Rapid Experimentation1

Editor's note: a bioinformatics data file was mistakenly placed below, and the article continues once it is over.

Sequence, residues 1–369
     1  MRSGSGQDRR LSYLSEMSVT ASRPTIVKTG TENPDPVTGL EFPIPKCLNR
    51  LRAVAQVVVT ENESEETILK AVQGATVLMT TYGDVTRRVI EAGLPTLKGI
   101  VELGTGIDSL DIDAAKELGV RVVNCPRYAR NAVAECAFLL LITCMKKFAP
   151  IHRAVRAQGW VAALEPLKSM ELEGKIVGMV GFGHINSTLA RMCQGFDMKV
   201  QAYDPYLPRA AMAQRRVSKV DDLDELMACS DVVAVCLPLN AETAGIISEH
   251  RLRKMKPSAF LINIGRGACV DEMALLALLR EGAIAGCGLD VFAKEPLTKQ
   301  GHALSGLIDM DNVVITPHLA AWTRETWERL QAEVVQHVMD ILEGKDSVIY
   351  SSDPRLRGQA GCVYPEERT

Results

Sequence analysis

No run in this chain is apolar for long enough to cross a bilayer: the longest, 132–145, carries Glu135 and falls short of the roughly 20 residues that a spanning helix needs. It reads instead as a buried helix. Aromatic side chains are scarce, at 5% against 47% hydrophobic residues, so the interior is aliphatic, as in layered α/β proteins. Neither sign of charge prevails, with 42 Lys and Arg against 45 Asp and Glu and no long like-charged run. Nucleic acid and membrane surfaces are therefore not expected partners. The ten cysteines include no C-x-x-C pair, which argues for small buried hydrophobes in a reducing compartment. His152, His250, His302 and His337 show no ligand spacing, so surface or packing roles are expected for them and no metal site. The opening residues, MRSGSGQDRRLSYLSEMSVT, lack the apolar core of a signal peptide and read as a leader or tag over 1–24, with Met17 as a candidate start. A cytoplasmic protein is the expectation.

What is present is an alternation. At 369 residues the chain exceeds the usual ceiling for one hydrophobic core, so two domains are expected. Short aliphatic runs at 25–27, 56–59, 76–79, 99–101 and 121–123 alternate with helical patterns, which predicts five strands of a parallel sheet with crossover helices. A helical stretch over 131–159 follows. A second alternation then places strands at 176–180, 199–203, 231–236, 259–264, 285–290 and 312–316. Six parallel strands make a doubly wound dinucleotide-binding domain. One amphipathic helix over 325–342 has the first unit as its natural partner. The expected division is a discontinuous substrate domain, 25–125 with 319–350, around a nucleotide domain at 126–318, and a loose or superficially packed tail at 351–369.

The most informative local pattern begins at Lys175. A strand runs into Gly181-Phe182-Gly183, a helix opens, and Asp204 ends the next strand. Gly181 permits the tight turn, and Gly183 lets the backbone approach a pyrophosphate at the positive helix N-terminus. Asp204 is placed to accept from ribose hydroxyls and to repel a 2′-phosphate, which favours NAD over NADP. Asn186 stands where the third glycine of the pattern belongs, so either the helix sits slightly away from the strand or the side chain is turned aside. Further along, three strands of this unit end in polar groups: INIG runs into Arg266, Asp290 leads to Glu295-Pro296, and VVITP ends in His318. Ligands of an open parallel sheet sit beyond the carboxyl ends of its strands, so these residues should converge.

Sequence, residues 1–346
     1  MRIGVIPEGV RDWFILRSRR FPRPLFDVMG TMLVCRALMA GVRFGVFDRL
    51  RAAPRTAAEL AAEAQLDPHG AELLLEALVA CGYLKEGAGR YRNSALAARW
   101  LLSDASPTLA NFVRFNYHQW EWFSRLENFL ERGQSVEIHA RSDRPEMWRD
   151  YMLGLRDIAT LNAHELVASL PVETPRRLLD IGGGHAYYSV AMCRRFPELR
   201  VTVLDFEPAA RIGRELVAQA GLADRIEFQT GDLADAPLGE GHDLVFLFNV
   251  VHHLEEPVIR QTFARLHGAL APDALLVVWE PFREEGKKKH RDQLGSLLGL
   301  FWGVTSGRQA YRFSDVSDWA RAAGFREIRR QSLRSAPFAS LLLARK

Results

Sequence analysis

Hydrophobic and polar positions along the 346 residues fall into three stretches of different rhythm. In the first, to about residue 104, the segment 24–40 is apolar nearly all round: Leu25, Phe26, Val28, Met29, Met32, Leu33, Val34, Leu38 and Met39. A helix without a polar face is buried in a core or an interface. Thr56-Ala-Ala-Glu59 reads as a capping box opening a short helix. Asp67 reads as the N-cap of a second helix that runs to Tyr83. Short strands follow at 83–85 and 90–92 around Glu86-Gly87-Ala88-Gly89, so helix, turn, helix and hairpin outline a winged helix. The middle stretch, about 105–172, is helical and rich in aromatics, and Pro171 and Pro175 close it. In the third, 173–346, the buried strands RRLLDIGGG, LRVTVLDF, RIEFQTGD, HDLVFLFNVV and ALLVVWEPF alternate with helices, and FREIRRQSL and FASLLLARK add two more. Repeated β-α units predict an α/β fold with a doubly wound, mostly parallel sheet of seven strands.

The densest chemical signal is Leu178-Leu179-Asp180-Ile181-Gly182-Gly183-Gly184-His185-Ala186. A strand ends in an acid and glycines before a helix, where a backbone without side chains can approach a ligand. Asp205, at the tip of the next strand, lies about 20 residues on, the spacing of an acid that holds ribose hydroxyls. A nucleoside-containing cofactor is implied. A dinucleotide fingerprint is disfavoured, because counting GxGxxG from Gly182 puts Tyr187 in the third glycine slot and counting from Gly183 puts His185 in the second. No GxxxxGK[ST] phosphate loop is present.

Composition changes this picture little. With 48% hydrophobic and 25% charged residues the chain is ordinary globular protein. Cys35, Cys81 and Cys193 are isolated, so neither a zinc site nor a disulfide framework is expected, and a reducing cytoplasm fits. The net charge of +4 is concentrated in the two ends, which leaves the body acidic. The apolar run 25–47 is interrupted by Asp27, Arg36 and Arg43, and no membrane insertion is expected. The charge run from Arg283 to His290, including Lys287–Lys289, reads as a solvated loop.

It can be exhausting to try and stay caught up on every new tech company being started. The Gotham Gal said me to yesterday, “everyone is an entrepreneur these days.” She’s right about that directionally although most companies have employees who are not founders so it is not exactly correct. The rapid expansion of tech startups and the entrepreneurs who create them has been building for fifteen years, or possibly twenty-five years if you include the early Internet exuberance and the period of disillusionment that followed. But over the last ten years, in particular, we have seen a number of factors come together to make for an environment where “everyone” can do a tech startup. We have more and more software engineers and related skillsets around the world as education systems are starting to respond to the market demand for this talent. This is particularly true in Asia and other parts of the rapidly developing world. But it is also increasingly true in the developed world. Our portfolio company Stack Overflow, which serves software engineers almost exclusively, sees 31 million people a month now, up from 22 million five years ago. That likely overestimates the number of globally employed software engineers but it is indicative of the vast number of people solving problems in software right now. The explosion of open source software, transparent code repositories, and open source tools and languages like MongoDB (we own Mongo stock), React, JavaScript, Python, Ruby, Go, TensorFlow, and so many more, has made it easier to build things in software than ever before. And popular services delivered via APIs (like Twilio and Stripe, both USV portfolio companies) make building software applications even easier. We also have more support systems for entrepreneurs than we did ten years ago. Paul Graham and Y Combinator were the innovators and first mover in the market for entrepreneurship support systems that are market-based and for profit. That model has been copied and evolved on all around the world and it is powerful, important, and its impacts are far-reaching. We have learned how to best support entrepreneurs early on in the life of a company which leads more people to try it and also leads to more projects graduating from these programs and getting seed funding. Which takes me to capital. We now have more angel and seed and venture capital being invested in startups every year than ever before. It took a long time, almost twenty years, to pass the go-go years of 1999 and 2000, but pass it we have and even though many see that as a sign that we are in bubble territory again, I am not one of them. Technology innovation is happening in all sectors of our economy and all parts of the world. I think the expansion of capital being deployed into startups can continue for some time to come. So there are more skilled people to help an entrepreneur build the thing they want to build, more support systems to help them avoid the big mistakes, and more capital to allow them to invest in the business ahead of revenues and profits. And so, we are in a golden era of tech entrepreneurship where anyone with an idea can make a go of it. That does not mean that all of these efforts will succeed. They won’t. Think of this golden age as a time of rapid experimentation in which every problem will be attempted to be solved in many ways. Most will fail. Some will succeed. And we will see multiple successful approaches to solving the same challenges. The good news is that all of the systems that feed these startup efforts, the talent market, the accelerator programs, the capital markets, and the entrepreneurs themselves, understand that these are experiments and that most will not succeed. For the most part, the market has evolved to a point where the economics of each input system has built the loss ratios and likely payouts when you win into their pricing structures. It is not perfect by any means. We may, for example, need to do more for the very early employees. And the rapid inflation in financing valuations may need a pullback if those new economics don’t work long-term for the capital markets. But if we are thinking about society, and I mean our global society, not just the US, the result of this era of rapid experimentation is likely to be progress on important, and also mundane, human needs. None of this makes it any easier to try and stay on top of all of this. It seems to me that the only way to do that is to pick a subset of the tech sector and focus just on that and let others take on the challenge of doing the same on another sector. It has gotten way too big for anyone to be able to stay on top of it all. But when you feel overwhelmed and wonder what will come of all of this entrepreneurship mania, I would urge you to think of all the good that will come of it. Lord knows we need it. https://avc.com/2018/06/rapid-experimentation/